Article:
Most emissions in agriculture come – directly or indirectly – from animal production. In line with the report's projected decrease in EU livestock numbers by 2030, there is a corresponding drop in expected emissions. However higher crop production and manure application will to a large extent counterbalance this change. Greenhouse gas emissions are therefore expected to stay at the same level then in 2012. Despite this, there is an anticipated drop in the level of atmospheric ammonia across the whole EU, with emissions estimated to decrease by 9% by 2030.
The report (EU agricultural outlook 2018-2030) anticipates a decrease in the amount of nitrogen lost to water in the EU, with projected figures suggesting a drop of 8% when compared to 2012. This change will be primarily driven by productivity gains in the dairy (with less manure produced) and crop sources. This will have a positive effect on plant biodiversity in the EU. The 2012 to 2030 period however should see a modest increase in the potential plant species, showing an increase of 2%.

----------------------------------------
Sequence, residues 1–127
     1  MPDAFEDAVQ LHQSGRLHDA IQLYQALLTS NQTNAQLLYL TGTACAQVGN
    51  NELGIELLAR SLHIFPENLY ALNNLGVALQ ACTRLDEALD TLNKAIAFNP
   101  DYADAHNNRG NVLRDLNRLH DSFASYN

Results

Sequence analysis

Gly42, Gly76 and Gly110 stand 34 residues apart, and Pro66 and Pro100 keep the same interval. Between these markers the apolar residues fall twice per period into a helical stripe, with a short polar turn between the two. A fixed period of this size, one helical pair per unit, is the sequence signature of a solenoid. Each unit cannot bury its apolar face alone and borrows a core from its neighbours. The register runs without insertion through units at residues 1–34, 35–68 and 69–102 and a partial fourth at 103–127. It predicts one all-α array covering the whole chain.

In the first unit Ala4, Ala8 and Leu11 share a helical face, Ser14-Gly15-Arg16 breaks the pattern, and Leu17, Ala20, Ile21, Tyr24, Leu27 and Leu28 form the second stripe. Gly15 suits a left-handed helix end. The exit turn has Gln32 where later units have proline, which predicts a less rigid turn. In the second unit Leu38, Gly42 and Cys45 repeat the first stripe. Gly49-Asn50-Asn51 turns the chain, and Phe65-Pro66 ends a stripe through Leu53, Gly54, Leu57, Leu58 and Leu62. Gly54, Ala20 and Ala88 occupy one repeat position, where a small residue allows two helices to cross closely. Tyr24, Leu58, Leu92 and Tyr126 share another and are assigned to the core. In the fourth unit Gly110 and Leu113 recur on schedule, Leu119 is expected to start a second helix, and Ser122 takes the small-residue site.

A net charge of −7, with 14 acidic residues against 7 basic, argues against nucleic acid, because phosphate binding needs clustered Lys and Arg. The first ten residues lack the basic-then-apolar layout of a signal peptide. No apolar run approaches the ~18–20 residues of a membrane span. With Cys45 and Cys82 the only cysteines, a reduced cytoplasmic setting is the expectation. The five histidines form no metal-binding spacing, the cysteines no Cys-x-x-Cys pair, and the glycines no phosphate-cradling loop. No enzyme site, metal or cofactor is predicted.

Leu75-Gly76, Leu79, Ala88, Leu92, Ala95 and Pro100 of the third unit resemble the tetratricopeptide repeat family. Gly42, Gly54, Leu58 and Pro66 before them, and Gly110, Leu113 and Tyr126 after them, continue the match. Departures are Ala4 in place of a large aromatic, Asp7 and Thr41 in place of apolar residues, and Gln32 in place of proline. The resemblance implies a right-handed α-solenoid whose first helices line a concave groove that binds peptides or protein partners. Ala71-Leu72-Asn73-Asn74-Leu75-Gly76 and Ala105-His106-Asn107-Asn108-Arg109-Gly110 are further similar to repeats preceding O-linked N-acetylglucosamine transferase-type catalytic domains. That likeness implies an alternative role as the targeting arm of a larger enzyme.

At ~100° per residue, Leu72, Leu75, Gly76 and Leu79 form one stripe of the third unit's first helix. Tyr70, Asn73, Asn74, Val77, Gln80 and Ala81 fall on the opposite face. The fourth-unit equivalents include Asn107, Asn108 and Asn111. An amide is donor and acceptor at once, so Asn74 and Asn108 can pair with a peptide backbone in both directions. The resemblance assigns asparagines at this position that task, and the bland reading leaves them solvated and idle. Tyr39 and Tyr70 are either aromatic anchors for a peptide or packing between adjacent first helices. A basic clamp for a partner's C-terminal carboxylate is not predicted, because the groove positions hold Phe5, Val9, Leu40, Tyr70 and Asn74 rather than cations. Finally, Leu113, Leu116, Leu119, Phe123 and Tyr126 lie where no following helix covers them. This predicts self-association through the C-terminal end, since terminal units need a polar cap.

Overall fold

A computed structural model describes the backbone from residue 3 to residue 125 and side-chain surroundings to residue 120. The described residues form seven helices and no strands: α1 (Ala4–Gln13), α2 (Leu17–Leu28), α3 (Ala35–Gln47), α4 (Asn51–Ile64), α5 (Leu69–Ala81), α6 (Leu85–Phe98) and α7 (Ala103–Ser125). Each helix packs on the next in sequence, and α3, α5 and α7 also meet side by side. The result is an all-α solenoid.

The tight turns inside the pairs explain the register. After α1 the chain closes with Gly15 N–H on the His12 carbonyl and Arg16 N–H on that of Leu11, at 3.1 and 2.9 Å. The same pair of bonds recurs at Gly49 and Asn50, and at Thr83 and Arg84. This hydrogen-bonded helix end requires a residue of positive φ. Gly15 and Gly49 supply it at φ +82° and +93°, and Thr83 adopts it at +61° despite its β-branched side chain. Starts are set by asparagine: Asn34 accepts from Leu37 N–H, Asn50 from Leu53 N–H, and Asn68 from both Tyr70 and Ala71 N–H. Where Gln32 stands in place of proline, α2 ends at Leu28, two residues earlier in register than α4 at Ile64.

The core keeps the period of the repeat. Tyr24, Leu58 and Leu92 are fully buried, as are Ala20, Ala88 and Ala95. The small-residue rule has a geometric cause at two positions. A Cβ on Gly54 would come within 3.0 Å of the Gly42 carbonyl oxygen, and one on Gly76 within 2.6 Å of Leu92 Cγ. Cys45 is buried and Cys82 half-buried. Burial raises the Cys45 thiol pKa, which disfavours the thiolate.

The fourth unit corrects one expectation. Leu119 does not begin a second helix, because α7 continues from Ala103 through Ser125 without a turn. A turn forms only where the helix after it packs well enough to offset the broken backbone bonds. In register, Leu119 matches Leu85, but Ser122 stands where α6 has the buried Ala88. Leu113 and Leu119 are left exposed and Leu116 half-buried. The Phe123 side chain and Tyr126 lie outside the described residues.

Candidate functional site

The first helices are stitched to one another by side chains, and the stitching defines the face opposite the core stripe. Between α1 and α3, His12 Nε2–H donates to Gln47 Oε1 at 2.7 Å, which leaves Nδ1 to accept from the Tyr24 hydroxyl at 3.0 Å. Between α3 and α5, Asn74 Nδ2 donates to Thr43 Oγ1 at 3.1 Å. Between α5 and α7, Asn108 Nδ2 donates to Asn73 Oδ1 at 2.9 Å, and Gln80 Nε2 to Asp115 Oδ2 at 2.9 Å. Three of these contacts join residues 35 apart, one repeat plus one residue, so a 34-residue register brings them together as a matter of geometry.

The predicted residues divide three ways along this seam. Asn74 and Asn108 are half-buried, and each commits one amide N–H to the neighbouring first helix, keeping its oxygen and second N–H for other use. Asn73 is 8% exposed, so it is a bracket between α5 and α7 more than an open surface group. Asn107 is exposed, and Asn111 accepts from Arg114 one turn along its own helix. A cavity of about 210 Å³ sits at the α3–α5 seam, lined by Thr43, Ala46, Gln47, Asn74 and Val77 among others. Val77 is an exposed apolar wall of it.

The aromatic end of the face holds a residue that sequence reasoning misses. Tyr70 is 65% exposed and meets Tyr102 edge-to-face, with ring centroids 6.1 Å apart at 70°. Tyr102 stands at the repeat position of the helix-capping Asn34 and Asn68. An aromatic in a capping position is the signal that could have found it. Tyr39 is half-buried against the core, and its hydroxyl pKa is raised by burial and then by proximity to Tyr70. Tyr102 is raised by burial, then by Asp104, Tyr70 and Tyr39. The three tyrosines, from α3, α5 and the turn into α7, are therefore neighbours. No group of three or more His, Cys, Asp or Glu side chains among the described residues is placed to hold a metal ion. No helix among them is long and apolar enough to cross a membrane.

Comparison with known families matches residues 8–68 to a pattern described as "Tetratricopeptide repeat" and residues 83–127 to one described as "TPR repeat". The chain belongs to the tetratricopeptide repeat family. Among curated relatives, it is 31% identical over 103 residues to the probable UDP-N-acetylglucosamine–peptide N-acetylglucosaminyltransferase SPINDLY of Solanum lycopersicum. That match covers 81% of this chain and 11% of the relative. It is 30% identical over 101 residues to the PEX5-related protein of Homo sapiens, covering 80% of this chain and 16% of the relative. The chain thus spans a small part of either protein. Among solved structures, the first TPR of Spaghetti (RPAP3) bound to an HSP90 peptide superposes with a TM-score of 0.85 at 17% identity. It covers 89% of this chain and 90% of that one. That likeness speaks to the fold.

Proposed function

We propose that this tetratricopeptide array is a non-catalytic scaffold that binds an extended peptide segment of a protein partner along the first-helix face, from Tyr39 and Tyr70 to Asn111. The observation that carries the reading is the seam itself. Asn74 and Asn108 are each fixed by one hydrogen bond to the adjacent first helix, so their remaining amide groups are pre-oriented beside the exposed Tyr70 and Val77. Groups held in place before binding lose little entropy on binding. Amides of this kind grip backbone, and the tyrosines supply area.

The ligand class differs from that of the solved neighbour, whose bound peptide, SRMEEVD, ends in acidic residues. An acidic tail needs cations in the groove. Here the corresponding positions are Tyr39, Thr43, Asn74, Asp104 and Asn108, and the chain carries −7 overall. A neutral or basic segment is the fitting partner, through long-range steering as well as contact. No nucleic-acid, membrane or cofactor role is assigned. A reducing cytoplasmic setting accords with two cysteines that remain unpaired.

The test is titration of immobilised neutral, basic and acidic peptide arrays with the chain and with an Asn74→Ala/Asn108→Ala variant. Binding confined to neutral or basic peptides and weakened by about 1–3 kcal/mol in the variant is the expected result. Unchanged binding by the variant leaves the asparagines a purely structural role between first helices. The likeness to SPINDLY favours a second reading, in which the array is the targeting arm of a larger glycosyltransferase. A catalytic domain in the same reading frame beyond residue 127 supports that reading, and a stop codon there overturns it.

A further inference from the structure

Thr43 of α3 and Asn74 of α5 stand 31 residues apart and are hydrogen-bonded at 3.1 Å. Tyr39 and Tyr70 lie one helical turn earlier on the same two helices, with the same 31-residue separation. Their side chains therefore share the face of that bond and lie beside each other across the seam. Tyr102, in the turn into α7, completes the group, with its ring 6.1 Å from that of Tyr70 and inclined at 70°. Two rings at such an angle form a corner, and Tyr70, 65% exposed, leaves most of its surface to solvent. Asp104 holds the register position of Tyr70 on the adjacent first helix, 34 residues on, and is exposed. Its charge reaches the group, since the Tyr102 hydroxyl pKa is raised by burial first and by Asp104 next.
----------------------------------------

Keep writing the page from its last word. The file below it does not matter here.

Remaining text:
Soil erosion by water, the most significant land degradation process, is still likely to be higher than soil formation rates. These are unlikely to change significantly by 2030, as crop distribution in the EU is not expected to change significantly. However, the report notes that some EU countries that are particularly at risk of damaging soil erosion will see a decrease in the rate of decline with Greece exhibiting the most significant drop (11.2%) due to changes in crop types.
Friday December 7, 2018/ DG Agri/ European Union.